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Similarly, in his 2015 dawn service speech on the centenary of the Gallipoli landings, then-Prime Minister Tony Abbott lauded the Anzacs for their qualities of compassion, perseverance and mateship.
In reverential tones, Abbott called them the “founding heroes of modern Australia”, said they set an example for modern day Australians to follow:
Yes, they are us; and when we strive enough for the right things, we can be more like them.
Poignantly, Ben Roberts-Smith, Australia’s most decorated contemporary soldier and among the men accused of war atrocities in Afghanistan, has also drawn inspiration from the Anzac legend.
Roberts-Smith has said that Gallipoli is “a big part of who we are as Aussies”, and reflected on his boyhood fascination with the Anzacs:
While other boys had posters of sporting heroes, I had posters of soldiers.
A history of misconduct in war
But the idealisation of this Anzac history has always required Australians turn a blind eye to uncomfortable truths.
Australian soldiers in the first world war killed prisoners, deserted in record numbers, caught venereal disease at phenomenal rates and outperformed all other Western Front forces in causing trouble.
In the second world war, Australians were often reluctant to take Japanese prisoners, choosing to illegally bayonet or shoot them instead. And Australian soldiers are known to have committed atrocities alongside their American counterparts in Vietnam, including “bloodings” and “throwdowns” (planting weapons on civilians after they were killed).
How Anzac Day came to occupy a sacred place in Australians’ hearts
In recent years, we have become increasingly reluctant to see our Anzacs as killers, even when such killing is legitimate on military grounds.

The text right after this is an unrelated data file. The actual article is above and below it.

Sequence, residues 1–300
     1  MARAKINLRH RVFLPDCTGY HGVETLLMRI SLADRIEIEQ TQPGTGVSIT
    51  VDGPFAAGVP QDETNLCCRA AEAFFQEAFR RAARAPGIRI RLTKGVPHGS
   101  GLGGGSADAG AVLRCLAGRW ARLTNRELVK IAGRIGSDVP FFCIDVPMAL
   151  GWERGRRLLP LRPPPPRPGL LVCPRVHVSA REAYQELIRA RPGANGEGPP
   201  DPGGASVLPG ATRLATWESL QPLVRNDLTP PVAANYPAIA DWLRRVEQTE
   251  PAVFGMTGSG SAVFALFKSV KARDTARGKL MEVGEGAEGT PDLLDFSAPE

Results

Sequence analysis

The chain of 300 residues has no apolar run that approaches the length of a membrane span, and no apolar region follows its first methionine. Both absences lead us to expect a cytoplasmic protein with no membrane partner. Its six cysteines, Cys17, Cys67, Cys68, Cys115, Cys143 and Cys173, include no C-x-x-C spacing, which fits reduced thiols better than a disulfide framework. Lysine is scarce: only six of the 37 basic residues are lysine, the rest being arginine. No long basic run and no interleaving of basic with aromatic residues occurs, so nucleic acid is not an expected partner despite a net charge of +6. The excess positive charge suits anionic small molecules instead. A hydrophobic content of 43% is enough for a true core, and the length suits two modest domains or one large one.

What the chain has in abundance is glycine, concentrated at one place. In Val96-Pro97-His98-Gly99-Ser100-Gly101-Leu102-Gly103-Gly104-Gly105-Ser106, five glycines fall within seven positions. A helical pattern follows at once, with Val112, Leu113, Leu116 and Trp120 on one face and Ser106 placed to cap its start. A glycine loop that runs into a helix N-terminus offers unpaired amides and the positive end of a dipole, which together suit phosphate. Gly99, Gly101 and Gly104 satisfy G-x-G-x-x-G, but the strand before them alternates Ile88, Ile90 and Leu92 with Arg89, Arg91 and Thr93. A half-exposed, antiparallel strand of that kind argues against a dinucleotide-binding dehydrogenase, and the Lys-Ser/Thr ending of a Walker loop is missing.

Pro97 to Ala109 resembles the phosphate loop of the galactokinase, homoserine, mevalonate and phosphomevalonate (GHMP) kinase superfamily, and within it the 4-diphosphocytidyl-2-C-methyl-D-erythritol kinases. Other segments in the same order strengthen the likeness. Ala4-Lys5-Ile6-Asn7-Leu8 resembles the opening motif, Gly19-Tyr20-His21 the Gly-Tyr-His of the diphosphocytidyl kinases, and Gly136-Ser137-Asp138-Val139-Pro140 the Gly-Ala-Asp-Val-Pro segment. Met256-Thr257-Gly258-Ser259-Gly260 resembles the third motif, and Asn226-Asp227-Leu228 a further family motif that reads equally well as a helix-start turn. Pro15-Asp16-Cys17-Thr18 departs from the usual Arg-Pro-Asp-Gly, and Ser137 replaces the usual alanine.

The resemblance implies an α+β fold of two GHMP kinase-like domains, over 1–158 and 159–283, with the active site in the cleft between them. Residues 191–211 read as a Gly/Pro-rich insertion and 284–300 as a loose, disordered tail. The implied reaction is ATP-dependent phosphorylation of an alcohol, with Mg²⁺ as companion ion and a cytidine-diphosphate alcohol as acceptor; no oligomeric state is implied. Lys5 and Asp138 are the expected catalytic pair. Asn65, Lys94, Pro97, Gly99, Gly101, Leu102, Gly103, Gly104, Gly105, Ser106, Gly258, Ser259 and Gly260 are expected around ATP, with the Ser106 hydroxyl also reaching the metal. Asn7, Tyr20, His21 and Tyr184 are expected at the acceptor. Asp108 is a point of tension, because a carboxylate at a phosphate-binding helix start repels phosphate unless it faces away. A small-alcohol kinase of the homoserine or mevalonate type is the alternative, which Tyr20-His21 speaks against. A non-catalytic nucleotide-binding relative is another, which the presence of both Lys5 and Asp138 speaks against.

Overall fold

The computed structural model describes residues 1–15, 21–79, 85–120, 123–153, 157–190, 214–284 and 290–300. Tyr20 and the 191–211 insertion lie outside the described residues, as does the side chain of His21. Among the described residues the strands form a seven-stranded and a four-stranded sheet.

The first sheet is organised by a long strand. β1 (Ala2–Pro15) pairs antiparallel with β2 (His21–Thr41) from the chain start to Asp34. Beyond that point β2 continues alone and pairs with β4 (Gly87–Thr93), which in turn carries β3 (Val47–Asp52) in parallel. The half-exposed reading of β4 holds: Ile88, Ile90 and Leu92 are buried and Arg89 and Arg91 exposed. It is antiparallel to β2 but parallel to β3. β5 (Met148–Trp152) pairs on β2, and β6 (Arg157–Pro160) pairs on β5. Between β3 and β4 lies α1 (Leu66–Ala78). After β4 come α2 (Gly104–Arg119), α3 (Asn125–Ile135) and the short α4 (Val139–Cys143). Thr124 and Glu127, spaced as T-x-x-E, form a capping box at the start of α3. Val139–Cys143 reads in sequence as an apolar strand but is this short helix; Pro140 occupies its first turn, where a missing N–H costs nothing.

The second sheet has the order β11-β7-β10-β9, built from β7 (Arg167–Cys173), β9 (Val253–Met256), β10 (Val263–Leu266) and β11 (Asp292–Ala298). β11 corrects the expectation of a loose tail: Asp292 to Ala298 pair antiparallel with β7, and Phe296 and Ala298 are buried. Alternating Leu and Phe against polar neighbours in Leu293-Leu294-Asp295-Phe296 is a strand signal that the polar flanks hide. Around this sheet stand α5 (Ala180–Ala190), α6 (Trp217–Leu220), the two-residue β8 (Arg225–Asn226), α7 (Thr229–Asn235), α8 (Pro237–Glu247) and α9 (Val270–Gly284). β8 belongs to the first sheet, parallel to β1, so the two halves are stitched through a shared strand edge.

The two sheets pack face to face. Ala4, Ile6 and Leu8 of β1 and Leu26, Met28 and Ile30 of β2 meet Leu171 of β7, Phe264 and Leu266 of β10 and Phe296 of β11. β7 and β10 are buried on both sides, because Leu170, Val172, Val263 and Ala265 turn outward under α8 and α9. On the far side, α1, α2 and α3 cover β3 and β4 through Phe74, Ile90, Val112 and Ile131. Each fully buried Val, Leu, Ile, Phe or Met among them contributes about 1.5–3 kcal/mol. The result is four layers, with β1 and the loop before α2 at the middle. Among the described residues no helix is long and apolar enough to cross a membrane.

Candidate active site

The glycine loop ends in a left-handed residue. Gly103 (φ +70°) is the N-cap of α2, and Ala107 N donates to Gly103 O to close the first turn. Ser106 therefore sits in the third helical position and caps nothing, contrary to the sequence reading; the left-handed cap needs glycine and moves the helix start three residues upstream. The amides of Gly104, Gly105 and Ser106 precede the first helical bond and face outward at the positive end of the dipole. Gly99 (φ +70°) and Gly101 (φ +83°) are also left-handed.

As represented most famously in Peter Weir’s 1981 film, Gallipoli, the Anzac legend has become less about the combat ability of Australian soldiers and more about their suffering. It is war commemoration stripped down and refitted for the age of post-traumatic stress disorder.
The Anzacs that our nation so often lauds are fictional creations, shorn of the malevolence and downright murderous behaviour they frequently exhibited.
The alleged SAS atrocities do not fit this kinder, gentler version of the legend. They upend the way Australians like to imagine their armed forces, and by implication, themselves.
Tethering war to national self-image
We see two possibilities for how the current crisis will play out. The first is the alleged war crimes will slowly be forgotten, just as previous atrocities have been.
There are already signs this is happening. Prime Minister Scott Morrison last week said he remained “incredibly proud” of the ADF and emphasised that the alleged crimes were committed by “a small number in a very big defence force”. He maintained the reputation of the broader defence force would be unaffected.
The other possibility is Australia will adopt a more realistic attitude towards its soldiers and the conflicts they fight in.
These conflicts are complex, and rarely conducted without some descent into the moral abyss. Some of our soldiers are not good people, and those that are good are capable of lapses. War is an ugly business, and we pay a price for tethering it so tightly to our national self-image.
As historians of Australia’s war experiences, we hope and wish for a national reckoning about our record of war atrocities. But as historians of Anzac, we anticipate that the great mythological behemoth will barely sway from its course in the face of these allegations.
Martin Crotty, Associate Professor in Australian History, The University of Queensland and Carolyn Holbrook, ARC DECRA Fellow at Deakin University, Deakin University
This article is republished from The Conversation under a Creative Commons license. Read the original article.